Critical thinking is one of the favorite buzzwords of the last five years. Employers use it, teachers use it, and it’s something we should all be striving to master. What critical thinking boils down to is the ability to use reason, logic, and past experiences to make correct assessments or decisions and to be able to apply all of it to new experiences or problems.
One great way to help your nerdlet develop critical thinking skills is through play. After all, play is a child’s primary learning tool. In play, children are allowed to fail without devastating consequences and to win, by doing so gracefully. This allows them to maintain their relationships with peers, while creating and following rules. Face it, few of us have the time and energy for things like continuous playground activities or an elaborate make-believe game. But, we can still participate in play, and help our kids develop critical thinking skills using board games.
What some parents forget (and I am guilty of this, too) is that before the age of 14 or 15, our children’s brains do not yet have the sophistication to grasp some of the more subtle shades of meaning when applying past experience to problems or situations. For most elementary school-aged kids, thing are black or white, good or bad, true or false, with very little in between. This doesn’t mean that teaching them critical thinking skills is hopeless before age 12. But, understanding which aspects of it they can and cannot grasp helps us to manage our expectations during their development.
Preschool children are naturals at getting to the bottom of things. I am convinced that the 5 Whys problem-solving tool was inspired by a curious tot. After all, asking “Why?” over and over again is how kids between 3 and 5 learn about their worlds from those whom they adore: parents.
This is a wonderful time of development, when their minds are like little sponges, sucking up every tidbit of knowledge we put in front of them (and anything you say with emotion behind it becomes a repeatable sound byte). It is the perfect time to instill the critical thinking skills of rule following, why rules are needed, what morality is and why it is important, and the concept of structure.
You might think that an obvious choice of a board game for preschoolers would be checkers, but the rules of checkers can sometimes be too complex for this age group. But, Skippity is a good alternative for a bright toddler. The rules are more flexible than checkers and the learning of colors is reinforced in part of the game’s strategy.
Hisss is another good game for critical thinking, and short in duration, which is especially good for the toddling one. Cards are placed picture-side down on the floor and only cards with color matching snake pieces can be used. This game requires logic, structure skills, memory skills, and planning ahead.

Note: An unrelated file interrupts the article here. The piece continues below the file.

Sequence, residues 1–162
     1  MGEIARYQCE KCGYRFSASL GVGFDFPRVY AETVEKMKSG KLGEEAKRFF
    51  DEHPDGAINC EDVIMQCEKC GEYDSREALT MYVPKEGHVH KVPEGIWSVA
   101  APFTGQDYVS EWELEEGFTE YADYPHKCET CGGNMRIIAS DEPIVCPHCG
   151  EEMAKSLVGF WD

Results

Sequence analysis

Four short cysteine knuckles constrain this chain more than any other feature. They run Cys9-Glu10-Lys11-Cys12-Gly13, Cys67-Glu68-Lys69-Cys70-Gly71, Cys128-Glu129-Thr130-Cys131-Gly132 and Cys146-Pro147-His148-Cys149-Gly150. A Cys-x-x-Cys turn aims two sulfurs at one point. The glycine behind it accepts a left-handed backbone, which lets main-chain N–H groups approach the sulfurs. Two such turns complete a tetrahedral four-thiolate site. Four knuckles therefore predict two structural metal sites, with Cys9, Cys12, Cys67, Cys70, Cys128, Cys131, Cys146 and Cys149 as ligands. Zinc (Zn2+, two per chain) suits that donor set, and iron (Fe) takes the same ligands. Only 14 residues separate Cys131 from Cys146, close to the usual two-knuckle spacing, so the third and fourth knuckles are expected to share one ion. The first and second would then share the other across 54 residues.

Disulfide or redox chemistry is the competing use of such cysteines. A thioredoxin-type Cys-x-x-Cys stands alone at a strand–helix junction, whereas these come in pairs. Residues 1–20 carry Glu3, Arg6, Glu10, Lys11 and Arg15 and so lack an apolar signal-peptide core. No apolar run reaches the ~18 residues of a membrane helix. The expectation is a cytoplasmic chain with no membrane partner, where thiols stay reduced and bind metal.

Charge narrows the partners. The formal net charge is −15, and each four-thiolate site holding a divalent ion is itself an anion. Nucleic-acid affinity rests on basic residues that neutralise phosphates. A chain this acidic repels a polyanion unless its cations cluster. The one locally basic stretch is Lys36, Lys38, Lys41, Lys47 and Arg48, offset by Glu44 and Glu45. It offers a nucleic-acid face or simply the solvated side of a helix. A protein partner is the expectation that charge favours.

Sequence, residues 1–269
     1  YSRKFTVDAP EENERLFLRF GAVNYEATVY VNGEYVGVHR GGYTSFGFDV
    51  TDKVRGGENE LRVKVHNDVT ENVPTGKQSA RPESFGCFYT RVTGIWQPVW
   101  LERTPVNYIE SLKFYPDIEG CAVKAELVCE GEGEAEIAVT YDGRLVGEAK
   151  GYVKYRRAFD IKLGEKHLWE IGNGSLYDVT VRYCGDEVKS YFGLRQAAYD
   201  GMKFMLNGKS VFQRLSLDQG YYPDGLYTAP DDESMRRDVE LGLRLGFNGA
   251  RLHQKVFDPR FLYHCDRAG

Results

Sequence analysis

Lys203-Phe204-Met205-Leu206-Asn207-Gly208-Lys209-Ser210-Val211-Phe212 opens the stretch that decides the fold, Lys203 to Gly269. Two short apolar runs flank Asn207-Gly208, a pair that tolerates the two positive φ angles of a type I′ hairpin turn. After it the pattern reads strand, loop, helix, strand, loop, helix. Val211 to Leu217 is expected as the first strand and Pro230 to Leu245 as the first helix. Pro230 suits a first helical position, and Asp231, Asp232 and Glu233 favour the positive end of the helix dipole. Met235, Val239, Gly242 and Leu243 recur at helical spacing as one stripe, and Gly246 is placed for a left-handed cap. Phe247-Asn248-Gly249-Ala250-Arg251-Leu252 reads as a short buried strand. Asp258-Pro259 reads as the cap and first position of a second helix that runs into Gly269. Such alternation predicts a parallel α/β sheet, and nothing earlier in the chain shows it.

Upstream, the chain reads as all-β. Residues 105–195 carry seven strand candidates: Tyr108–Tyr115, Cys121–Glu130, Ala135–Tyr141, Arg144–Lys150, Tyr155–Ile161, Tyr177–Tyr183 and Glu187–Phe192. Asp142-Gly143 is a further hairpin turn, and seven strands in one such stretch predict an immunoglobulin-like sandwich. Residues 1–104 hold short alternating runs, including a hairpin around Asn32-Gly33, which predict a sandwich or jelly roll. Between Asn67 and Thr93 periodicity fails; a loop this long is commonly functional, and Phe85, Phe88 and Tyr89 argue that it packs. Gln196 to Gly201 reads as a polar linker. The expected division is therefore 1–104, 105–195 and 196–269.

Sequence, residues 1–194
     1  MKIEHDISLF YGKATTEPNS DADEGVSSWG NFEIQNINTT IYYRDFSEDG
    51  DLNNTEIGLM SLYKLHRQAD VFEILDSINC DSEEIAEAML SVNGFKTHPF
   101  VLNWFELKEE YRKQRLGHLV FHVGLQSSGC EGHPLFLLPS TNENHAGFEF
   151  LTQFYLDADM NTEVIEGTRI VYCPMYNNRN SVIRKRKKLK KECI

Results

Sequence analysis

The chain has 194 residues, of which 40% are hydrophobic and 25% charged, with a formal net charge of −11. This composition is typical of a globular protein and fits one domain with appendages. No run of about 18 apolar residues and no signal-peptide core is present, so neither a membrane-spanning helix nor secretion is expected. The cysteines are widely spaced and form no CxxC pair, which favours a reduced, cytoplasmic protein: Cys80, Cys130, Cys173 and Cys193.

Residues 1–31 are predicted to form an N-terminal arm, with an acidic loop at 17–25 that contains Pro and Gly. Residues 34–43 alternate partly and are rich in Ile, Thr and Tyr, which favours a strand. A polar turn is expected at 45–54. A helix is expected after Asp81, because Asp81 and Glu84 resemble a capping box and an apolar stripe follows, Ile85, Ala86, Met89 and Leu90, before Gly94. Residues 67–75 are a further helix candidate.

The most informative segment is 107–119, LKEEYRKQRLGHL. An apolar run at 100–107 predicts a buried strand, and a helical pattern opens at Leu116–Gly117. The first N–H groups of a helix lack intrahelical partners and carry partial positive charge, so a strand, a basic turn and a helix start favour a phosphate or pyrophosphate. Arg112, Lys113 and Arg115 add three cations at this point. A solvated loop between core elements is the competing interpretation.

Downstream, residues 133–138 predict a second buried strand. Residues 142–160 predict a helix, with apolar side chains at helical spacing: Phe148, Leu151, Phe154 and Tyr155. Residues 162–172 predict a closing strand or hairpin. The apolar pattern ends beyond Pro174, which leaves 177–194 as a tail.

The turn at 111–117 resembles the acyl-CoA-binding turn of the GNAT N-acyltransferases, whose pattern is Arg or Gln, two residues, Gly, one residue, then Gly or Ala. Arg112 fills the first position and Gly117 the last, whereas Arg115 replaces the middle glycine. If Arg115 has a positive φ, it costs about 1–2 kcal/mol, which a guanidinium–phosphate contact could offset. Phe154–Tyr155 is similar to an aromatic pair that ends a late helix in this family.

Finally, there is an especially neat game developed for kids by a kid! The Ladybug Game applies emphasis to the critical thinking skill of taking turns and why doing so is important.
Elementary school kids are ready to learn more sophisticated critical thinking skills like strategizing and logical reasoning. Their better memories, better sense of time, and life experiences allow them to start learning and mastering the use of relatable experience in their play.
From about the age of six until I was about eight, my dad and I would spend warm nights on the porch, two German Shepherds at our feet, playing checkers by candlelight. I always had a glass of milk and a couple of fig bars, while my dad usually had a can of Olympia for refreshment. I think, for him, I was more fun to hang out with when I got a little older because we could relate to each other more. He was a very logical man.
Checkers helped me develop the skills of strategy, and how to lose graciously; my dad refused to insult my intelligence by letting me win, which made the gratification of kicking his butt all the sweeter. Checkers helps kids to master rule following and develop new critical thinking skills like planning, strategy, and persistence.
Zingo is a matching game that encourages quick thinking and memory. It is a lot like Bingo, only icons are used instead of letters and numbers. Tiles are dispensed out of a slider to reveal the icon being “called.” The best part of the game? There is a “hard” side of the Zingo card and an “easy” side, so if you have a preschooler and an elementarian at home, everyone can play.
Dominion is a game recommended for those who are at least eight years old because of the excellent strategic skills one needs to win. Each player is a monarch who is looking to expand the kingdom and competes with other monarchs for unclaimed land. Skills developed using this game, in addition to strategy, are planning ahead and persistence. This credible game was awarded the 2009 Mensa Select Award.